Within days of the launch of a project for volunteers to identify candidates for the ninth planet, four possibilities have already been found. Even if none of these turn out to be the hypothetical planet, the search has proven exceptionally scientifically valuable and there is still more searching to be done.
Professor Brian Cox launched the Australian National University's Planet Nine search on March 28, giving anyone with access to the Internet the chance to pick through images taken by the SkyMapper telescope in search of something moving slowly enough to be at the outer edges of the Solar System. It follows on from a similar project started a month earlier to cover Northern Hemisphere skies.
The response was swift and impressive. Within days 60,000 people had classified more than 4,000,000 objects, and lead researcher Dr Brad Tucker is confident the work is good. “We’ve detected minor planets Chiron and Comacina, which demonstrates the approach we’re taking could find Planet 9 if it’s there,” Tucker said in a statement. The team also rediscovered Pluto, although that still doesn't make it a planet.
The images used had been sitting unstudied for up to four years, and professional astronomers would have taken years to complete it. Tucker singled out a volunteer named Tony Roberts, who classified 12,000 observations, for praise.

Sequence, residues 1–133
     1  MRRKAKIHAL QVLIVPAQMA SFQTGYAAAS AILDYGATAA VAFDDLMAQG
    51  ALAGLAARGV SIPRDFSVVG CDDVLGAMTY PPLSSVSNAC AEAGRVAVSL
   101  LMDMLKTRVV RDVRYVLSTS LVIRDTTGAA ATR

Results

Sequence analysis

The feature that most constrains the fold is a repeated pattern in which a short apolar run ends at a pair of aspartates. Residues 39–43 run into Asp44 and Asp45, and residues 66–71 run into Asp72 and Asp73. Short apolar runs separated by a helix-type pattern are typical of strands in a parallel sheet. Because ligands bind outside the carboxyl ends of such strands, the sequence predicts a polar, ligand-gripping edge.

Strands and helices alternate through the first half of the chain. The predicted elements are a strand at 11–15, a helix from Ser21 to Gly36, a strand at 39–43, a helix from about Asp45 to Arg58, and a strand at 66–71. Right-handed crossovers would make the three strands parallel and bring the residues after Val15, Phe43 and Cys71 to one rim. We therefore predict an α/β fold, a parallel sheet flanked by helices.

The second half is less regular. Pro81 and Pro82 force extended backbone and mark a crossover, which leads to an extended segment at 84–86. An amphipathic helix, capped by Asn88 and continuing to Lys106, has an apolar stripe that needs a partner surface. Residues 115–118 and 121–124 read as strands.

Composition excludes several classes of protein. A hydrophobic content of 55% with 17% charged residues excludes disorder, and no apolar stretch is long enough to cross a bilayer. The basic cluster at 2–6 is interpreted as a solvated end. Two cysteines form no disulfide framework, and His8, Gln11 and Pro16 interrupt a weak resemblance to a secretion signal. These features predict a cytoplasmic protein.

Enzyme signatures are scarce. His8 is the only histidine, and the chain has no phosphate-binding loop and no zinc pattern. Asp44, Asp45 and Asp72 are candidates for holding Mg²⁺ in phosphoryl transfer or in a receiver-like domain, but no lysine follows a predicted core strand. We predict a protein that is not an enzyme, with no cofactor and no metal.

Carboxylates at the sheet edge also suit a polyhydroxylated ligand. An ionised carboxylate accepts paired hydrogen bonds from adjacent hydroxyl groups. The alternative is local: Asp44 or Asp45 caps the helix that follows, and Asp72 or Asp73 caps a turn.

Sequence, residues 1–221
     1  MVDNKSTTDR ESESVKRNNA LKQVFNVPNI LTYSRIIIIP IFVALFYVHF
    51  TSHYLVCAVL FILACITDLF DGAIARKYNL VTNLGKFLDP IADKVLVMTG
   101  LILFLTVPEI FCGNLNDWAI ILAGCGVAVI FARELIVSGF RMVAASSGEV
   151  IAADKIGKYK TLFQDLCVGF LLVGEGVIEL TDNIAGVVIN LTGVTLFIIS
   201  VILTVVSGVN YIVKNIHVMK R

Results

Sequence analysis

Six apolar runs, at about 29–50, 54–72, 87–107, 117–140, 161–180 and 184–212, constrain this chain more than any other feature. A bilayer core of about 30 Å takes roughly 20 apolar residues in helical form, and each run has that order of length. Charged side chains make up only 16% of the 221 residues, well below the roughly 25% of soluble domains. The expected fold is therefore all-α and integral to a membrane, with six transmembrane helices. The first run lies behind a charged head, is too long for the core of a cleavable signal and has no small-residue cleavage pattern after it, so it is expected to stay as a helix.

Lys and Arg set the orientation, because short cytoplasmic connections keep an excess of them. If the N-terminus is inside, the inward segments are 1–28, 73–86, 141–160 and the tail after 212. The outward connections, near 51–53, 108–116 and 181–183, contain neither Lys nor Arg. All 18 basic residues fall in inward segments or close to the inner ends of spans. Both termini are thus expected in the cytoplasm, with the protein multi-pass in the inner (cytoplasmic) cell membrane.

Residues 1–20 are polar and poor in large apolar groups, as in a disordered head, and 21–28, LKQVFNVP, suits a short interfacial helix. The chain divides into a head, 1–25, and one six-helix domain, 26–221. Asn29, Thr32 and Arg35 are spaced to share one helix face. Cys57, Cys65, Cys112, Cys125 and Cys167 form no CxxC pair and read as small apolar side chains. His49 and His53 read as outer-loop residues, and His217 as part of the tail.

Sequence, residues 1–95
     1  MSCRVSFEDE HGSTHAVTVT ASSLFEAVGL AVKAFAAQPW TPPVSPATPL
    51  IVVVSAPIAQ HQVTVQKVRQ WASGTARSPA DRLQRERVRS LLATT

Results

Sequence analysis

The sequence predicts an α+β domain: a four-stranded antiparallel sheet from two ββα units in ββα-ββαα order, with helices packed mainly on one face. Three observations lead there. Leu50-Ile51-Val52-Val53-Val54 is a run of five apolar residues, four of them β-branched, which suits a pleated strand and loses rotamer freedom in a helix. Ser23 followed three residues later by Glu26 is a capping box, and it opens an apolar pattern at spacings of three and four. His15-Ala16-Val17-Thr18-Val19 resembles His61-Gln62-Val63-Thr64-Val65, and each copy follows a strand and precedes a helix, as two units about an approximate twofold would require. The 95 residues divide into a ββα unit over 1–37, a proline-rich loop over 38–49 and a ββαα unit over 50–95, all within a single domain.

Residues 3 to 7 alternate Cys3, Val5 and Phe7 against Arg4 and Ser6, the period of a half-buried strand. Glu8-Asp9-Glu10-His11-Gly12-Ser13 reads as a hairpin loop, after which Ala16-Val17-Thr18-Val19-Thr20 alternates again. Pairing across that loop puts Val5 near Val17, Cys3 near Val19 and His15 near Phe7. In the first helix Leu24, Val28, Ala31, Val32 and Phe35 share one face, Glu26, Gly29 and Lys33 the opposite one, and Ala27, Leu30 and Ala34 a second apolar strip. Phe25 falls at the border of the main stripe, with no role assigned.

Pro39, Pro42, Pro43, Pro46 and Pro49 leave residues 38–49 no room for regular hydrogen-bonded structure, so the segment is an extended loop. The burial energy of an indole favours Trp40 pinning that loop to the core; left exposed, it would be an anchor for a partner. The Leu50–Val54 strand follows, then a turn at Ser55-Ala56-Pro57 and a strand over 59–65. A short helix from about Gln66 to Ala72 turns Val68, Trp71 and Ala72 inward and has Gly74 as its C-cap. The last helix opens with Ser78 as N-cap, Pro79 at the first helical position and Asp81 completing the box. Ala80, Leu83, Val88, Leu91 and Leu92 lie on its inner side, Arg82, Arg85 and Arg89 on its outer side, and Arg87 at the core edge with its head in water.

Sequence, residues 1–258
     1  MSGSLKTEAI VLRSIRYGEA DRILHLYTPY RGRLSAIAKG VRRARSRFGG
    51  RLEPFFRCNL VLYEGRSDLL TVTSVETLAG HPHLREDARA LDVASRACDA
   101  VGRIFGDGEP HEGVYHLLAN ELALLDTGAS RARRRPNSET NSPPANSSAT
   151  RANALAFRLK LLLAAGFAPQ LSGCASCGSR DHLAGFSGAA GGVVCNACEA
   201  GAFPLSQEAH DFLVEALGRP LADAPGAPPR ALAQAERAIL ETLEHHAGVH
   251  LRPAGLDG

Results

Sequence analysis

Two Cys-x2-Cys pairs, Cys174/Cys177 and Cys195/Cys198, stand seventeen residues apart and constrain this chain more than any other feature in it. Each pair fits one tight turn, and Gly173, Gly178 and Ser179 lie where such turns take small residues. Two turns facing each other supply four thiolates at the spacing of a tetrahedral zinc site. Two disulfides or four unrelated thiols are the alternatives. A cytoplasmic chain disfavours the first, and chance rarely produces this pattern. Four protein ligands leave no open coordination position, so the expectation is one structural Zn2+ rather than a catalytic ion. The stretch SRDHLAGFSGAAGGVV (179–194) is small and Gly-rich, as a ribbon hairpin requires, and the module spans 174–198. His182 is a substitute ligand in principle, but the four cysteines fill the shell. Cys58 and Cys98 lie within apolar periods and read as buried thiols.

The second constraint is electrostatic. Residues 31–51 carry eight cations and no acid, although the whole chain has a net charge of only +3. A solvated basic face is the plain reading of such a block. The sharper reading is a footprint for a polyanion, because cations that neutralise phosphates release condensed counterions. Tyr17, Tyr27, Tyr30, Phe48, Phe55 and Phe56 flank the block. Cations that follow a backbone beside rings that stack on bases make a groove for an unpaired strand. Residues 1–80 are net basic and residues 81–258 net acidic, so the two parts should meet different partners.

The vast majority of the objects detected were either asteroids already familiar to astronomers, or could be ruled out as possible Planet Nines for other reasons. Some were space junk. Nevertheless, plenty of scientific gold was dug up. “We think we've got at least one PhD's worth out of two and a half day's work. We found several Earth-orbit crossing asteroids,” Tucker told IFLScience, which he noted dryly, “could be important for other reasons.”
So far 90 percent of the southern skies have been examined to a brightness of 19th magnitude. That means that if Planet Nine exists and is the size of Neptune or larger, and is within 350 Astronomical Units of the Sun, it should have been detected. That doesn't mean the task is over. SkyMapper is sensitive enough that detections have been made down to a magnitude of 21.7, and Tucker hopes if people keep heading over to Planet-9 on Zooinverse they can eventually pick up anything brighter than 22nd magnitude in the southern skies – extending the search to a much greater distance.
Tucker told IFLScience, Skymapper would be used to try to “recapture” the four objects of interest, after which a slightly larger telescope may be used to capture their spectrum. If any of these look like gas giants, time will be sought on one of the world's giant telescopes.